I’ve finished the code to generate the room layout of the Underworld.
Anyway, I’ve been working on my game. Automatically generating names turned out to be a bit more work than I thought, so I haven’t, despite what I said in my last post, finished character creation. This system will be useable for NPCs as well though, and I think it adds a lot of flavor.
There’s also been a bit of ‘feature creep’–I kept thinking of options I should add (maximum HP at first level, attribute changes for non-human races etc.). So, while I haven’t finished, I probably would have finished if I’d only done what I was going to do. I’ve decided to just note down ideas to add in the future rather than adding them as I think of them.
Anyway, after character creation, the next step is creating a simple ‘underworld’ or megadungeon. The game will have this underworld, which you can enter via the city of Telelee or through some ruins, which will be a source of wealth and experience but not the way you win the game.
I decided to convert my game to software (I’m using Twine), and to pre-2000 D&D rules.
I’ve nearly finished character creation using the types found in OD&D (with a lot of common house rules such as maximum HP at first level). The game will also have (at least) Neanderthals, robots, Atlanteans and Western gunslingers as player-character options.
Doing it as software will mean I can send out copies over the net for free. So hopefully it will be easier and cheaper to get feedback and buzz.
I’ve been waiting on feedback for the draft of my game.
However, I haven’t either gotten the amount of feedback, or generated the amount of buzz, that I’d hoped.
It also cost more than I expected to send the drafts out.
So I’m considering doing the game as software. It would, at least, be easier and cheaper to get drafts out.
I got my first playtester feedback today. So I’ll try to start work on a new draft soon. As well as correcting things that playtesters point out, I have several new game elements that I want to add.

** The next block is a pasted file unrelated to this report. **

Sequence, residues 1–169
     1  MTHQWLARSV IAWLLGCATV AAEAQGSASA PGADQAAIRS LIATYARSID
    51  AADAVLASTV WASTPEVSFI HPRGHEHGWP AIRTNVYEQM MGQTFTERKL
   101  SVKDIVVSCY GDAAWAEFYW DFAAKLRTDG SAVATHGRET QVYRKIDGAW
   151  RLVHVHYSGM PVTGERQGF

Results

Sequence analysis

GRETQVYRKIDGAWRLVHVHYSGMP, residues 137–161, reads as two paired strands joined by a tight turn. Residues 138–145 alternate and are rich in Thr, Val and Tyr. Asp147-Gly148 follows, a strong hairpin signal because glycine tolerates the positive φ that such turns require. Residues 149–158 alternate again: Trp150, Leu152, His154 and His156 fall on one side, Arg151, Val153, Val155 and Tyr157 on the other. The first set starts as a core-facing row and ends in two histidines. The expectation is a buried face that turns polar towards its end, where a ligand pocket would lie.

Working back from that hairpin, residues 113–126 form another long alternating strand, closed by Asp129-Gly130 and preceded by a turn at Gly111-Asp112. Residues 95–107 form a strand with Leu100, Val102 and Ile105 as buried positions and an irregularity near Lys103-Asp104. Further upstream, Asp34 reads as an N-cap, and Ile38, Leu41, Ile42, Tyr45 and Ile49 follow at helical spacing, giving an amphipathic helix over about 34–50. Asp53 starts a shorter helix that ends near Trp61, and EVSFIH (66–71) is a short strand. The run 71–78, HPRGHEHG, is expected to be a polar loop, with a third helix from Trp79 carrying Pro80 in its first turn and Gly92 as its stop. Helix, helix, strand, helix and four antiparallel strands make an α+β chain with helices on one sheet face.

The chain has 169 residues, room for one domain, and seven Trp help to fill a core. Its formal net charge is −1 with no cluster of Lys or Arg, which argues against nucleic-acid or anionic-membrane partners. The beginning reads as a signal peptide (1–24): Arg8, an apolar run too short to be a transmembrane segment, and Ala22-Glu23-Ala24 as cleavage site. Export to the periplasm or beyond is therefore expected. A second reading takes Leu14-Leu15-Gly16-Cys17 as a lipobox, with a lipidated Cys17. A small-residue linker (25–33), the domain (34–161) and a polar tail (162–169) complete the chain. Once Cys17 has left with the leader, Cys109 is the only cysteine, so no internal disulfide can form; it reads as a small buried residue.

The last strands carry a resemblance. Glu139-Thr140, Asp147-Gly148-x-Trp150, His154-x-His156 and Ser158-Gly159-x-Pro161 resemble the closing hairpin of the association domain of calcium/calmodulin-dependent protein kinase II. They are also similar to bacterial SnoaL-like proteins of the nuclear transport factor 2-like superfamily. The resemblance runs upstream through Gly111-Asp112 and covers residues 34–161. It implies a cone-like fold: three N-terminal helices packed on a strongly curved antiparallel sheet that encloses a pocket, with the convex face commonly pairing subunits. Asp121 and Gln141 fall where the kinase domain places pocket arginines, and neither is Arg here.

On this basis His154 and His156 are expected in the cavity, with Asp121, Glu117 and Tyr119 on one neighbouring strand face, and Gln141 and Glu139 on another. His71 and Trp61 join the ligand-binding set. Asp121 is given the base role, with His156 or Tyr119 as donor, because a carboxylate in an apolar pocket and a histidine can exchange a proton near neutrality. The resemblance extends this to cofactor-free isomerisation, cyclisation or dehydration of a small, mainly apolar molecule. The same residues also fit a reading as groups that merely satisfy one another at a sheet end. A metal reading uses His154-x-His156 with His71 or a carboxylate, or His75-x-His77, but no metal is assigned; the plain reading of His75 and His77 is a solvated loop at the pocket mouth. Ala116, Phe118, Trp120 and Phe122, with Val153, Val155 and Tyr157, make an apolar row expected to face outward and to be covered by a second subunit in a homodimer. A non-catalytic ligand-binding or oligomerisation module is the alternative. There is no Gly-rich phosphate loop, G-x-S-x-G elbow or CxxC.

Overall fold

It’s about 75,000 words.
I’m going to try to get playtesters through Zac Smith’s blog.
In Gigacrawler I’ve added a section where the characters engage in jousts.
I wanted to use something like the Chainmail jousting rules–a ‘rock paper scissors’-style mechanic where you and an AI choose from a menu of options, which are combined to give you the result.
However, I soon found that there’s a problem with it. Some of the choices are inferior to others, regardless of what the opponent chooses.
Aiming point CP is always equal to or better than aiming points DC and DF. Similarly, ‘Steady Seat’ is better than ‘Shield High’.
I don’t know anything about jousting, so I can’t say whether the results are realistic. If they are, I’d imagine that in real jousts CP (in the center of the shield) would be where you tried to aim, but that this wasn’t always possible. So in game terms you’d be rolling, and CP would be the result if you were successful. The same for your stance.
However I liked the variety of results, so I ended up tweaking the table and using it.
I’ve actually finished the jousting section, but I thought of some ideas for things that could happen afterwards which I’m writing now.
I should be looking for playtesters for Gigacrawler soon.
Does anyone have experience with playtesting a board game or RPG that they can share?
In particular, what’s the best way to ensure that you get a useful response from your testers?
I haven’t been doing much on Gigacrawler–partly because of my business, and partly because I’ve been doing another section of My Name Is John Carter for Cirsova magazine.
However, I have done a prototype of the board for playtesting.
The shaded hex in the center is where you start.